Is policy the new law? The quick take here pursues this question.
The observation appears to hold ground considering the manner in which important decisions are made and implemented by governments worldwide, although this applies more to democracies than other forms of political systems. There is an increasing preference to policy making over law making. This shift in a way marks a weakening of constitutionalism as the traditionalists knew it. The shift was subtle to begin with in post World War – II era and became a rapid transformation after the emergence of structural reforms and new public management. Newly independent countries either accepted the structural reforms which basically made countries change their governance style via policy than law making or had to forego development aid and loans. The preference for policy making in such a context is evident.
The policy route to change is probably due to a shorter path to implementing a new order and significantly less public resistance and scrutiny that policy making involves. Making laws is slower and fraught with public scrutiny and interference. Policy making tends to happen in a government space which is deeply embedded and is far higher in reach and access to citizenry in comparison to law making. This procedural and structural advantage is likely cause for the safety and ease that policy making provides to governments.
Moreover, the legitimacy to such a style of governance (by policy making) is given by global pressures of trade, globalized economic processes and inter-dependencies. Domestically, it is the political demands which make governments opt for policy route, as this delivers well to satisfy popular demands. Policy is a faster and comparatively obstacle free solution of a modern democracy’s problems. Take for instance the regulation that defines use of coastal zones in India. As a policy it caters to the demands of the market as well as the state itself. This also gets legitimized by the fact that the guideline document is issued by the legislature itself (in this case Ministry of Environment, Forests and Climate Change).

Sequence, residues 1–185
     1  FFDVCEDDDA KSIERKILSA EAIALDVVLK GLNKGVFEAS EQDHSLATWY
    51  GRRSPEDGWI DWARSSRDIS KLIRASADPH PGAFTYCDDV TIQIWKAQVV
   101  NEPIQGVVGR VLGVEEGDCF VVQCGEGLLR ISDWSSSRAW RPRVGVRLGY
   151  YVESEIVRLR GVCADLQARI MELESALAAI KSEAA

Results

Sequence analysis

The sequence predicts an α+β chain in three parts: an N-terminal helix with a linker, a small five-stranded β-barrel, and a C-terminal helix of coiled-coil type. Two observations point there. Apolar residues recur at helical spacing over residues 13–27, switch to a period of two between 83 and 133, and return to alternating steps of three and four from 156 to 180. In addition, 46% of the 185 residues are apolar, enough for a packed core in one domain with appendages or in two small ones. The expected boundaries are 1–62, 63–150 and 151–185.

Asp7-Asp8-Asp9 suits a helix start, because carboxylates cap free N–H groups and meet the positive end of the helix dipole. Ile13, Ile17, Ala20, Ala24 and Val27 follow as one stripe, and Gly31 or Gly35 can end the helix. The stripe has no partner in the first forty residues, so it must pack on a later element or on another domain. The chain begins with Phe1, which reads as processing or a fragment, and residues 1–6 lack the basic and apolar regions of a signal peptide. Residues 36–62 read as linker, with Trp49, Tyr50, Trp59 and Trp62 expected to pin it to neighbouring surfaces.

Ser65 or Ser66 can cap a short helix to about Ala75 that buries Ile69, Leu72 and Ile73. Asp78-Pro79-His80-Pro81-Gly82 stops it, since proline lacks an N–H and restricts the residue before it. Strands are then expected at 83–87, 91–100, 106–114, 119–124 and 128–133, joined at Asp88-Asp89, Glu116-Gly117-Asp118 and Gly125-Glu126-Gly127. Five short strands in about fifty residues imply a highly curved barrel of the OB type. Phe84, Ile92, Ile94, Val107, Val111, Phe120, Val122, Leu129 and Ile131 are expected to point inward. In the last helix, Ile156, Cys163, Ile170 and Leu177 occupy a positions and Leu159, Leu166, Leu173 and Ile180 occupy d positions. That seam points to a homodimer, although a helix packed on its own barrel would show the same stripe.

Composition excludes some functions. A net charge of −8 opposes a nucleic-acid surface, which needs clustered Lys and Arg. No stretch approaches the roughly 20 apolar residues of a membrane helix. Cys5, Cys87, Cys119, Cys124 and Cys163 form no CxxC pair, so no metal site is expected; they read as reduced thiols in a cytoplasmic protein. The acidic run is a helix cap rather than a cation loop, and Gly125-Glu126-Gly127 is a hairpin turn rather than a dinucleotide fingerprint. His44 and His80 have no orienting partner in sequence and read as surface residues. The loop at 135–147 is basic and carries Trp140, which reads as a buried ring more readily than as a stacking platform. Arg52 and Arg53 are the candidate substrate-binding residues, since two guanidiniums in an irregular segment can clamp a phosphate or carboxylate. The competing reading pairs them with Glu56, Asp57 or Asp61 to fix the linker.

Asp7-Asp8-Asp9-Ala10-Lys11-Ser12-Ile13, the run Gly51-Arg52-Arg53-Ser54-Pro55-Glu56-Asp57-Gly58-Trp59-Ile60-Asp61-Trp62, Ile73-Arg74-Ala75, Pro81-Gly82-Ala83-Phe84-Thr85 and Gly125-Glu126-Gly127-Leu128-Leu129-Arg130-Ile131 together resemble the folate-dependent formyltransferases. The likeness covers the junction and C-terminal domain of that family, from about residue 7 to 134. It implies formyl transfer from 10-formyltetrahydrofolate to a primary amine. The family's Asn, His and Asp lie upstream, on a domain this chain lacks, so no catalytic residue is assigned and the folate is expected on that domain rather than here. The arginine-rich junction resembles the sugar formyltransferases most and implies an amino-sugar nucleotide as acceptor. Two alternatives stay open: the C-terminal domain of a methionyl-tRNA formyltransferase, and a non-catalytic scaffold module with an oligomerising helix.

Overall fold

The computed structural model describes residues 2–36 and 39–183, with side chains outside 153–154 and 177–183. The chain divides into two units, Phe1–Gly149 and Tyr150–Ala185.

It is likely that the most important precedent for greater preference of policy over law was set by the economic reforms of 1991. While that yielded on the intended outcome of jump-starting economic growth, it was also in a way a signal to subversion of democratic process. Most certainly, it was the beginning of end of constitutionalism as a cornerstone. Policy process is seen to be at odds with constitutional values at times. However, contemporary policy process is a mix of desirable and undesirable consequences. Economic policy which led to liberalization of Indian economy has been regarded as a desirable change whereas environmental policies have largely failed in being inclusive and has consistently been violent in its impact on marginalized groups.
With emergence of regulatory governance we see that preference of policy route to governance has increased further. Independent regulatory authorities which have near complete autonomy over controlling key government sectors have achieved success through policy making. The RBI and TRAI are fitting examples of the trend. With mainstreaming of regulatory governance as a practice, policy’s position as the new law will only strengthen.
The space (policy and law and things in-between) is getting complicated to understand, navigate through and study. We are likely to see more policy think-tanks setting up and public policy programs being offered by top institutions in India. While this take is about governments’ preference to policy making as a procedural ease, a much broader take on public policy and its relevance was pursued by Shiv Visvanathan in this editorial.